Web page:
Pending home sales rose in May to the highest level since late 2006, implying a possible spark as mortgage interest rates began to rise, according to the National Association of Realtors.
The Pending Home Sales Index, a forward-looking indicator based on contract signings, increased 6.7 percent to 112.3 in May from a downwardly revised 105.2 in April, and is 12.1 percent above May 2012 when it was 100.2.
Contract activity is at its strongest pace since December 2006, when it reached 112.8. Also, pending sales have been above year-ago levels for the past 25 months.
Lawrence Yun, NAR chief economist, said there may be a fence-jumping effect.
“Even with limited choices, it appears some of the rise in contract signings could be from buyers wanting to take advantage of current affordability conditions before mortgage interest rates move higher,” Yun said. “This implies a continuation of double-digit price increases from a year earlier, with a strong pent-up demand.”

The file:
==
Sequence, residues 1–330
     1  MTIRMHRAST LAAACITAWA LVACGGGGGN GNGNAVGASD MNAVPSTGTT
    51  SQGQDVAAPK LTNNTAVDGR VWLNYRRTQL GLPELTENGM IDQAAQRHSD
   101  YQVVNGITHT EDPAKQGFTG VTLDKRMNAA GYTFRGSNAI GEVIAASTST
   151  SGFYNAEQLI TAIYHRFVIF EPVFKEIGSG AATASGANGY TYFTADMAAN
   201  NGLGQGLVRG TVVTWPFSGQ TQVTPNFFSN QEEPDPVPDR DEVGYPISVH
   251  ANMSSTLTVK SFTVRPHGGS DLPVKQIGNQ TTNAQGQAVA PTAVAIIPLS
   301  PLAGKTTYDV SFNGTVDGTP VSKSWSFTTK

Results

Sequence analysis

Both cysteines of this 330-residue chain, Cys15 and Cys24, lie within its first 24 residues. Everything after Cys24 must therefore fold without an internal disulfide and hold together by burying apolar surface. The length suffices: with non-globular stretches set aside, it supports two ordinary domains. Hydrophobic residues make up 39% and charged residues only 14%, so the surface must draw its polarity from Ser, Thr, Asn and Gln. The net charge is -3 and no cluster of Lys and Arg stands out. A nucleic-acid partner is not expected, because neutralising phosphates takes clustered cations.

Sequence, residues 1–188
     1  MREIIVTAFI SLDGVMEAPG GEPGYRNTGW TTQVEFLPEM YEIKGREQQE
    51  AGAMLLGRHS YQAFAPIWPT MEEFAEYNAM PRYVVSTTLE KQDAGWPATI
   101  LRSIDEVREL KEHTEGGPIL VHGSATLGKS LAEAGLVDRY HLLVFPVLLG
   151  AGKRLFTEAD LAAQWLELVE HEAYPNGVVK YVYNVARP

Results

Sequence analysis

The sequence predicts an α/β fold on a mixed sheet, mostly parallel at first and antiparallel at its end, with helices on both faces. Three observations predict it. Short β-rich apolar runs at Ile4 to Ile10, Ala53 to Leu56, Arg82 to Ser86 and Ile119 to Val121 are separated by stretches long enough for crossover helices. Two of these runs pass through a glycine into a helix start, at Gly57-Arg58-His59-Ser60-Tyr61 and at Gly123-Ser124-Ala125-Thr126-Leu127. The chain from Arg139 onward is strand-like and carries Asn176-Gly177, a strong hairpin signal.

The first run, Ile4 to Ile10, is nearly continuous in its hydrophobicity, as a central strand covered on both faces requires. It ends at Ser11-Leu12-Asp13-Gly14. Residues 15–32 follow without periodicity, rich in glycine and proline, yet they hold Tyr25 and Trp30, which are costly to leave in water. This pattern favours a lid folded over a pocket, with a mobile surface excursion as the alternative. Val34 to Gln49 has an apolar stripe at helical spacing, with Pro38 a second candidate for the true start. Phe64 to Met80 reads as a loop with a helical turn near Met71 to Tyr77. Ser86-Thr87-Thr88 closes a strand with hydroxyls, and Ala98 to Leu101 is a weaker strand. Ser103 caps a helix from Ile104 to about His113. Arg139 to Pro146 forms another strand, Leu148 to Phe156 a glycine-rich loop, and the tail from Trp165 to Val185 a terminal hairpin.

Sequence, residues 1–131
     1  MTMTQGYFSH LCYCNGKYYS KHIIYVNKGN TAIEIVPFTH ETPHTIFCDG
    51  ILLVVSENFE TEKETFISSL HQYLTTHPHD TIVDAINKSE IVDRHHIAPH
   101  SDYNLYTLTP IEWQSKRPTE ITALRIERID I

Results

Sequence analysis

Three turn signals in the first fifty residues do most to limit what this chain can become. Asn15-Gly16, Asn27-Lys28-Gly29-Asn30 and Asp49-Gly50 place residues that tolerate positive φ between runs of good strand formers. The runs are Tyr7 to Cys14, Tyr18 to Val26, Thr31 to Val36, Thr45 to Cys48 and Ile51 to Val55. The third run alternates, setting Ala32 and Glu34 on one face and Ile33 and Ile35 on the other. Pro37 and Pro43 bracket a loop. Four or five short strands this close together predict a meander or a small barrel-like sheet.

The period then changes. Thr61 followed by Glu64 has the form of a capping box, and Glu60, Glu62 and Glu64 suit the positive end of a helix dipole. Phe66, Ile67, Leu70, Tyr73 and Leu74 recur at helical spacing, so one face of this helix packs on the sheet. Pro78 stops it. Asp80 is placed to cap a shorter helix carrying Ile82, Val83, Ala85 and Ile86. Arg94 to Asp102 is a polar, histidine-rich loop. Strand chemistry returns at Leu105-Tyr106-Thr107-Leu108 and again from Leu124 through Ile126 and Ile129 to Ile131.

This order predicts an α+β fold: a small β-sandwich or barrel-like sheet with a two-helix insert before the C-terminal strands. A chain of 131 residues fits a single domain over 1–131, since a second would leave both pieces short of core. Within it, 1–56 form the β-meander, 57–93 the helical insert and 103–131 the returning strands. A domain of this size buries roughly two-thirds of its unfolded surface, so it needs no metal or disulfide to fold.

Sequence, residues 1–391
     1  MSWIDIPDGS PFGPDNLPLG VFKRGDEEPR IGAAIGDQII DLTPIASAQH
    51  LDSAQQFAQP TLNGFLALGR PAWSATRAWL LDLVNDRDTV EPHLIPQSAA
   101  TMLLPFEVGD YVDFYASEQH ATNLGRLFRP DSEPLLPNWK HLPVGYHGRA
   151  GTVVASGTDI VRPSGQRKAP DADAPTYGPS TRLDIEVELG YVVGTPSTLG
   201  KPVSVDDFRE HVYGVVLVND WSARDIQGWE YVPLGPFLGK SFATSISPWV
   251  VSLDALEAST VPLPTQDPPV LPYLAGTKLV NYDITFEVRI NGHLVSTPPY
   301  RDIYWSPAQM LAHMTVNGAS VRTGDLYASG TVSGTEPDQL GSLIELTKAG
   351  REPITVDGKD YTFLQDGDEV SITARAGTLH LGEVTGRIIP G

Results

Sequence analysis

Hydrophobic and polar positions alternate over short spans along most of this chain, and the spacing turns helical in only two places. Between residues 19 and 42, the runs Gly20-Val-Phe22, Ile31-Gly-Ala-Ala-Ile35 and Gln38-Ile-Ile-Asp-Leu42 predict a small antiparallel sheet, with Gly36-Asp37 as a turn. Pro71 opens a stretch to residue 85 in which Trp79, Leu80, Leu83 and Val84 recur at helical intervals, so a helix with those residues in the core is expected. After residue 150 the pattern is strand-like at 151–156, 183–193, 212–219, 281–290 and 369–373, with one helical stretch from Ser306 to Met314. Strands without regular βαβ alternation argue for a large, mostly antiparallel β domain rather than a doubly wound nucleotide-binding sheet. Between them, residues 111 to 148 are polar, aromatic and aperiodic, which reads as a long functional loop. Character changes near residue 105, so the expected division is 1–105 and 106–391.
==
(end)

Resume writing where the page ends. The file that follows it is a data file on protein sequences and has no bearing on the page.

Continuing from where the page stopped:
Regionally, the index went unchanged in the Northeast, but is 14.3 percent above a year ago. In the Midwest, it jumped 10.2 percent to 115.5 in May and is 22.2 percent higher than May 2012. Pending home sales rose in the South 2.8 percent and 16 percent in the West.